Director: Christopher Kenneally

Next time you're looking at the Oscar's Documentary Shortlist asking yourself, "Where did these films come from?!" the answer may just be DocuWeeks.The International Documentary Association's annual DocuWeeks is responsible for putting more than two dozen features and shorts in theaters annually, thus making those films eligible for Oscar consideration (more than 25 DocuWeek films have been nominated and seven have won Oscars). A newly minted distributor, DocuWeeks releases 17 features from the environmental to the personal. The run began 8/3 in New York and Los Angeles and continues this week to finish out August 23rd. Here's what's playing this week:

Know where the grass is always greener? Beneath the sea, a water world where gardens may feature few flowers but thousands of brilliantly colored creatures—and you can see them in Rodolfo Ogarrio's doc Gardens in the Sea. Or for more artful visions of a world less familiar, look into Of Two Minds. About three people with bipolar disorder, this doc finds that the dark parts of the mind can also be beautiful. Then there's two amazing tales of childhood accomplishment, first with a Michelle Obama-supported doc about elementary soccer teams, The Anderson Monarchs, and second in Without a Net, a Brazilian doc about kids who escape the dangerous street life through the circus and the flying trapeze. And finally, Egyptian doc Words of Witness follows an intrepid female reporter as she doesn't simply build the face of her modern journalism in Egypt but tries to forge a political future in her homeland.


A cynical ghost hunter visits a boy's boarding school just after WWI, when kids missing their family members are seeing specters in the halls. On the one hand, pain and loss has always inspired people to turn to the supernatural for comfort—on the other hand the ghosts are kids, which freaks out the boys and make audiences fear an appearance of the little girl in Ringu.
Director: Nick Murphy
Writers: Stephen Volk, Nick Murphy
Stars: Rebecca Hall, Dominic West, Imelda Staunton, Lucy Cohu, John Shrapnel
Genre: Horror

Mother and daughter Catherine Deneuve and Chiara Mastroianni star with Ludivine Sagnier and Paul Schneider (yeah, that surprised us, too) in this Jacques Demy-styled French musical by Christophe Honoré. The singing is untrained and realistic, the love stories are wistful and tenuous, and the stars are bright in this film by the man who made Love Songs.
Director/Writer: Christophe Honoré
Stars: Chiara Mastroianni, Catherine Deneuve, Ludivine Sagnier, Louis Garrel, Milo Forman, Paul Schneider,
Genre: Romance, Musical; French-language, subtitled

French heavyweight Mathieu Almaric stars as a musician who's fallen so out of love with life, he just gives up and starves himself. His children confusedly look on while his wife tries to woo him with the titular dish. With the same two-dimensional perspective of three-dimensional souls we saw in Marjane Satrapi's Persepolis, this film lures us to love through a sadness so poignant and accessible, it could set fire to word of mouth nationwide.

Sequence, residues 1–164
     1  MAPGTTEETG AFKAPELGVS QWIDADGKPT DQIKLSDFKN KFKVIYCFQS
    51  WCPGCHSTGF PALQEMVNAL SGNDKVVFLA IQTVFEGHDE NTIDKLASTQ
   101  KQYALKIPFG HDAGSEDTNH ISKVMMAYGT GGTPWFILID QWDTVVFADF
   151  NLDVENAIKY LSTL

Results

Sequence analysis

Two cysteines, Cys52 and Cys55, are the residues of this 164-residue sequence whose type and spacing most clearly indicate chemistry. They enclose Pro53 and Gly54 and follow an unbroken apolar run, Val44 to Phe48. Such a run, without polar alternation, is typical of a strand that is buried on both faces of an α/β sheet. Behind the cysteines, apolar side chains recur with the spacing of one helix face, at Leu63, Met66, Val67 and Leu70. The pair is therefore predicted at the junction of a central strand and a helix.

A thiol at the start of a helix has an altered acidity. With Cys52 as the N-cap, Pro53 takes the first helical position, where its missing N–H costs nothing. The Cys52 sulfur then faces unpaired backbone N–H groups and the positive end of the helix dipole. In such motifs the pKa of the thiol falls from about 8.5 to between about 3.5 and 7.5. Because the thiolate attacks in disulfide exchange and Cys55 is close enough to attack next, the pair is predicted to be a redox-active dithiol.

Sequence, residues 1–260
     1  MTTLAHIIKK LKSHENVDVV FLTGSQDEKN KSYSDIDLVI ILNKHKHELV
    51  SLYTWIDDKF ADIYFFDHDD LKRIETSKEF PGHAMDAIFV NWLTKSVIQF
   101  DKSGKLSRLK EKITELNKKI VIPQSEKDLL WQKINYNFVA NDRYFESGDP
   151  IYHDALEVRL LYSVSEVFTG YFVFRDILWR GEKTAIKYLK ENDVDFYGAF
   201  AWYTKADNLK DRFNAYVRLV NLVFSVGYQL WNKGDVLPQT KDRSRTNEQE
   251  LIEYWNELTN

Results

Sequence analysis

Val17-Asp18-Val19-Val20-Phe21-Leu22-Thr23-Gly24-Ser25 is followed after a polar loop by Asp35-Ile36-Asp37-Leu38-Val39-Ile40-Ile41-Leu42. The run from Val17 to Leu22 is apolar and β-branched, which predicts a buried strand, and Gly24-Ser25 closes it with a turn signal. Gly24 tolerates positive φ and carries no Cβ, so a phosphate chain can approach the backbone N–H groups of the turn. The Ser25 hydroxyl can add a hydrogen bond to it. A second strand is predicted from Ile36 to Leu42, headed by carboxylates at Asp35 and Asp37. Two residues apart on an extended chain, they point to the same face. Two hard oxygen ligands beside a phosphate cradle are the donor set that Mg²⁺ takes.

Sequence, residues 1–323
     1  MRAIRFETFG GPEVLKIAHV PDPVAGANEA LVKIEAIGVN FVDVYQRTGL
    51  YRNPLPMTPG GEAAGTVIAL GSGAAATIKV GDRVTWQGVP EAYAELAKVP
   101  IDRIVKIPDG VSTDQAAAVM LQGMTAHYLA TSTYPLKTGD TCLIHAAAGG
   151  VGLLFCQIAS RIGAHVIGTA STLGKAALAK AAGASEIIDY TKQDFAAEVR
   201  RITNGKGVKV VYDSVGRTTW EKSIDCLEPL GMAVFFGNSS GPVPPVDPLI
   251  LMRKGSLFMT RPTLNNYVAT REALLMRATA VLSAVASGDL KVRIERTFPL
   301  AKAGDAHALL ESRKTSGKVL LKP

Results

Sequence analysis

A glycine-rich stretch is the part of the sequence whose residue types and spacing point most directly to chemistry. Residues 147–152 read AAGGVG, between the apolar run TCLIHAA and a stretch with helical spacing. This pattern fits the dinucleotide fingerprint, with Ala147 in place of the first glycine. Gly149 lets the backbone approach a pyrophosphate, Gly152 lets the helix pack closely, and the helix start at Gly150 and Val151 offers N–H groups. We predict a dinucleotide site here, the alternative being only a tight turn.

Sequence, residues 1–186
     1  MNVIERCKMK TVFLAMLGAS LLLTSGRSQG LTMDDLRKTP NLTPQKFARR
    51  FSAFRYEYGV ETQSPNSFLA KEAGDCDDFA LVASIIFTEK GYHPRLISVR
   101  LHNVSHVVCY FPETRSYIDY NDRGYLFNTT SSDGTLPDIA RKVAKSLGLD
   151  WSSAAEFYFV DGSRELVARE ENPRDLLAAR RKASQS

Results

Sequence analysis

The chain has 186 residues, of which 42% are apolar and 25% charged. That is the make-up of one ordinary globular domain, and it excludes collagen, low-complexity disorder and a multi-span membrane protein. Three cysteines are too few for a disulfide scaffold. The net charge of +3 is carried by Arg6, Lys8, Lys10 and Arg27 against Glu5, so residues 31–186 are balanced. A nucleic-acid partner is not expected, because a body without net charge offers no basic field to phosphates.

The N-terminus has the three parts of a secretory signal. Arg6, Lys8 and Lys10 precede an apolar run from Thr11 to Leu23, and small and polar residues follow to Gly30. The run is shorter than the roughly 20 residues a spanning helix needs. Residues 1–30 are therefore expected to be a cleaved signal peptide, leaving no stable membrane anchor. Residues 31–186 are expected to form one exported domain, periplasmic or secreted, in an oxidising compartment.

Directors/Writers: Vincent Paronnaud, Marjane Satrapi
Stars: Mathieu Almaric, Edouard Baer, Maria de Medeiros, Chiara Mastroianni, Isabella Rossellini, Golshifteh Farahani
Genre: Romance; French-language, subtitled

This martial arts film is proof America can't beat China, despite the Olympics medal count. A sexy fox demon breaks free of an icy prison and takes the shape of a seductress who woos and eats human hearts as she slowly becomes mortal. Meanwhile, a masked princess runs towards a guardsman who failed to protect her (hence the mask) to protect him from the Ice Fox Heart Chewer.
Director: Wuershan
Stars: Xun Zhou, Kun Chen, Wei Zhao
Genre: Mystery; Mandarin-language, subtitled

In this Bollywood spy thriller, a rugged secret agent named Tiger working in "External Affairs" heads to Dublin to stop an Indian scientist selling secrets to Pakistan. The scientist isn't there, but his hottie caretaker is, and the spy falls inconveniently in love, jeopardizing both their jobs and their lives. Downside: someone could break Tiger's limbs. Upside: like, love, marriage, babies, duh.
Director: Kabir Khan
Writers: Kabir Khan
Stars: Katrina Kaif, Bella Boyd, Lisa Byrne
Genre: Thriller; Hindi-language, subtitled


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Tags: Cosmopolis, Robert Pattinson, Compliance, David Cronenberg, Jesse Eisenberg, Melissa Leo, Tracy Morgan, Why Stop Now, Pat Healy, Craig Zobel, Frank Langella, Susan Sarandon, Peter Sarsgaard, Martin Scorsese, Rebecca Hall, Dominic West, Imedla Staunton, Catherine Deneuve, Paul Schneider, Isabella Rossellini, Ek Tha Tiger, Painted Skin: The Resurrection